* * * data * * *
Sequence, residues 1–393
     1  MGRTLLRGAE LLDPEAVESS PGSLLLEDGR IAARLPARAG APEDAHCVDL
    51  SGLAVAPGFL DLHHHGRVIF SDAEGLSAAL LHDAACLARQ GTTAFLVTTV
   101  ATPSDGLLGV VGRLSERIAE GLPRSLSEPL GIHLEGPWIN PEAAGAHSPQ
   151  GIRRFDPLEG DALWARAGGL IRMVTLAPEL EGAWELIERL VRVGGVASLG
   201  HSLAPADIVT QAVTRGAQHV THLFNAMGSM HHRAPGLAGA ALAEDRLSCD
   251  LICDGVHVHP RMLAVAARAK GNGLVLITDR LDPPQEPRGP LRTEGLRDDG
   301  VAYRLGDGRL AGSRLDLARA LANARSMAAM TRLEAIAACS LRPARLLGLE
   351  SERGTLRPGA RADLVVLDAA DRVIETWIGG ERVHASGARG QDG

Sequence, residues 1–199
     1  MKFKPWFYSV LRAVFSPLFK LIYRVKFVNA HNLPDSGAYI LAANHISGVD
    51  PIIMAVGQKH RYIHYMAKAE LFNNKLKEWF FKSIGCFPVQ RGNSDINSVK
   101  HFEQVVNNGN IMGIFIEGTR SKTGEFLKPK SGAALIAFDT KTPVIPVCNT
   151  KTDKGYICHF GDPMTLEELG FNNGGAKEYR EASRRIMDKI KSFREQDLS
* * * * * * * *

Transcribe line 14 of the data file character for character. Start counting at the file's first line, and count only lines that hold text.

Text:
   151  KTDKGYICHF GDPMTLEELG FNNGGAKEYR EASRRIMDKI KSFREQDLS